What Dr. Dodman found changed the game. “When we scanned the Dobermans with acral licking, we found they had sophisticated, minute details in the brain that are also found in humans suffering from OCD,” he says. “The changes were, if not identical, compellingly similar.”
Along with MRI tests, Dr. Dodman also looked at genetics. “Again,” Dr. Dodman says, “we chose Doberman pinschers and found a gene called CDH2, otherwise known as neural cadherin (NCAD), expressed most significantly in dogs with the compulsive problem.” His research was confirmed in peer-reviewed medical journals. And later, psychiatrists in South Africa discovered that the same deformation of CDH2 was found in humans with OCD.
“Older generations typically believe what they were taught,” Dr. Dodman explains. “And they were taught that dogs just lick a lot—that it’s just a thing dogs do. And then they’re told to put them on steroids and antibiotics and hope it stops. But it doesn’t stop.”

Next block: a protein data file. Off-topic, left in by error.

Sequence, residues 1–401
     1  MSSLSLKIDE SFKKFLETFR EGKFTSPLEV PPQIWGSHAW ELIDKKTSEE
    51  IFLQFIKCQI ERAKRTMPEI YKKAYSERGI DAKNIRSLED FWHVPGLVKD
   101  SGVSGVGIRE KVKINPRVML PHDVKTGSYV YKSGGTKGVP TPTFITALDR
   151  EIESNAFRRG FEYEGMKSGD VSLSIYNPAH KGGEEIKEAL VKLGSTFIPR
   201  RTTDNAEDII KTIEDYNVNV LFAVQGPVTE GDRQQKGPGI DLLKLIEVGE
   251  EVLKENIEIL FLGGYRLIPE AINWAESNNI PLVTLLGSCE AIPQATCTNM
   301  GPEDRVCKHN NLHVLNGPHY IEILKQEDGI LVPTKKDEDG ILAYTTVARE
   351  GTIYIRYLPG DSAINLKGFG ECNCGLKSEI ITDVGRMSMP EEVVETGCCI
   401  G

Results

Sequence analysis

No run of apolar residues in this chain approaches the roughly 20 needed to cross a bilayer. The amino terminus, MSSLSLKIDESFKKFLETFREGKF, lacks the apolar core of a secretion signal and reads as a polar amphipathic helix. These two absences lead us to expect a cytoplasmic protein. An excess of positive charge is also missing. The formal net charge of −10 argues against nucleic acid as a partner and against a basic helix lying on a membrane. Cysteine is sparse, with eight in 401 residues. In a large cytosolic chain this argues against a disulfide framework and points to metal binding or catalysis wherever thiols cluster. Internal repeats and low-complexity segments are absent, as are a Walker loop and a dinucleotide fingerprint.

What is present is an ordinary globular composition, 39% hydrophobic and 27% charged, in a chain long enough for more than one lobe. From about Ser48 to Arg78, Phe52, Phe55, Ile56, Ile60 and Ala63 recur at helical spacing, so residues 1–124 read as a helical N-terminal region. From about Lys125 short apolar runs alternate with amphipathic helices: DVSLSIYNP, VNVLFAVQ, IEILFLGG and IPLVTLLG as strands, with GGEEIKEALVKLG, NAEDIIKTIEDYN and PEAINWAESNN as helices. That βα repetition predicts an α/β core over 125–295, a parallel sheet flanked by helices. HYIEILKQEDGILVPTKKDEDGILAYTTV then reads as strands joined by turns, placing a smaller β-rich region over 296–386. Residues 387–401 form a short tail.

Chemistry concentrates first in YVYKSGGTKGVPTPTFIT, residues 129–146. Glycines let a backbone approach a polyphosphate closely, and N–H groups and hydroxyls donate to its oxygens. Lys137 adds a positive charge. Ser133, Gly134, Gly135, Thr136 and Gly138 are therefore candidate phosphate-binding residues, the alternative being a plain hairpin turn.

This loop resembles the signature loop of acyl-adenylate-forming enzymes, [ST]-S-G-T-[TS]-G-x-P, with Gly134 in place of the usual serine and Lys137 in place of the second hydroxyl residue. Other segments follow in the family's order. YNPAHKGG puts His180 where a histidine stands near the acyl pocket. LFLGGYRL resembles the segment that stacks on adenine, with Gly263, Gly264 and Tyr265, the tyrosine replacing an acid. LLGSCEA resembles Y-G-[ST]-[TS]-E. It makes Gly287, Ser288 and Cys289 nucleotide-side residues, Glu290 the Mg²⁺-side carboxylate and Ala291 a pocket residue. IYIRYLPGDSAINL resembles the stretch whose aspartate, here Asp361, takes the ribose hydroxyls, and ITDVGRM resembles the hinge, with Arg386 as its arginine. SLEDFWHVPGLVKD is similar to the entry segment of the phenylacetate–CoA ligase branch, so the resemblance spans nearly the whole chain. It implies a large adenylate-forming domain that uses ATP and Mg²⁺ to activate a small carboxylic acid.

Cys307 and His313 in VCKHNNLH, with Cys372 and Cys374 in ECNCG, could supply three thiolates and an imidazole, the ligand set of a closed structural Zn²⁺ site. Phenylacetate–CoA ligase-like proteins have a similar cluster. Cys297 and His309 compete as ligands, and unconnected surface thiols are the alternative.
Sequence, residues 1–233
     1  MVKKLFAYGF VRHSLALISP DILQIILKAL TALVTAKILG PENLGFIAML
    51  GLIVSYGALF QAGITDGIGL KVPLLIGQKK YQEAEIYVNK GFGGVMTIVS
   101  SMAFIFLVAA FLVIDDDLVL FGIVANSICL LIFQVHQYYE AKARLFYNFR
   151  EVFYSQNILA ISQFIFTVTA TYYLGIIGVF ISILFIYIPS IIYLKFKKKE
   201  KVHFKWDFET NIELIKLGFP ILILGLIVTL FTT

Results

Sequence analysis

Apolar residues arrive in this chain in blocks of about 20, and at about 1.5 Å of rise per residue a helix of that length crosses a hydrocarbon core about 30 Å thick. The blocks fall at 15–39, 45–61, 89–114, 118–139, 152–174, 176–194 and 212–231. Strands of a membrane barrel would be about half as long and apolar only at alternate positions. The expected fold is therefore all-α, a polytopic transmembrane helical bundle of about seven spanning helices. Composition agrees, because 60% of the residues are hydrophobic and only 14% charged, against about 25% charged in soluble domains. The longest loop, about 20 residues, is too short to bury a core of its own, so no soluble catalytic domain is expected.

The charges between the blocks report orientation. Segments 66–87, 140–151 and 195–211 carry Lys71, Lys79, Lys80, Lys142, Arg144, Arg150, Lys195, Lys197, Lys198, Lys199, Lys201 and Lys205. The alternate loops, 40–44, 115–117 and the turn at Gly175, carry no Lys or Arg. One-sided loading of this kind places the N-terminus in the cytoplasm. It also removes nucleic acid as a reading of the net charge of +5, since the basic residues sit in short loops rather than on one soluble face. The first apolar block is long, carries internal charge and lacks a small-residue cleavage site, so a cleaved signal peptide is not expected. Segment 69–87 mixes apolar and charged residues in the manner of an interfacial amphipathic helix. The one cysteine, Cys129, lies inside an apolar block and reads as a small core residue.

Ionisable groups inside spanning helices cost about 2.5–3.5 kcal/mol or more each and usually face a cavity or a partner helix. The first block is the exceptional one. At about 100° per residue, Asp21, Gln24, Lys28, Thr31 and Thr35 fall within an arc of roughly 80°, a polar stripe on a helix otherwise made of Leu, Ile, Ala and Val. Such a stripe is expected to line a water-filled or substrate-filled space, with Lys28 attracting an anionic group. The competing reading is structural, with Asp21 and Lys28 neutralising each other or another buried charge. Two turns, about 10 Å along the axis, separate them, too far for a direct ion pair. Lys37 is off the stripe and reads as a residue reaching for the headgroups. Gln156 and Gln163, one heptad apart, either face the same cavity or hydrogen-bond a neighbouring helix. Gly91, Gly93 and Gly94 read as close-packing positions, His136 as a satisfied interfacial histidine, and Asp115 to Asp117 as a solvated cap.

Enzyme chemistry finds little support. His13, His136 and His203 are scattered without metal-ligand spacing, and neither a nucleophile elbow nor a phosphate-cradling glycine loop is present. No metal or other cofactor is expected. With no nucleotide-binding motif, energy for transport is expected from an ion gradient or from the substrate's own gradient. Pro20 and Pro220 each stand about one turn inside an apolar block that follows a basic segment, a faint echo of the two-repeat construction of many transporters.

— Dr. Nicholas Dodman
These findings are still widely discussed and debated, however. According to Dr. Dodman, that’s because OCD and CCD look different to most observers. “Dogs would never count compulsively like a human with OCD might,” Dr. Dodman says. “But dogs do hoard, and both conditions are linked to anxiety. Anyone that knows the literature knows that it’s the same—humans have OCD, dogs have CCD, cats have feline compulsive disorder (FCD). We’re looking at feline genetics as we speak, and horses sometime in the future when we have more to go off of.”
If many of the signs and symptoms are the same for humans and canines, is the treatment the same as well? Dr. Dodman gives a resounding yes. “When tested in mice, blocking glutamate worked,” he says. “It worked in dogs and horses as well. That’s when we went to Harvard and requested permission from Dr. Michael Jenike, the founder of the Obsessive Compulsive Disorder Institute, to test it out on human patients using memantine.”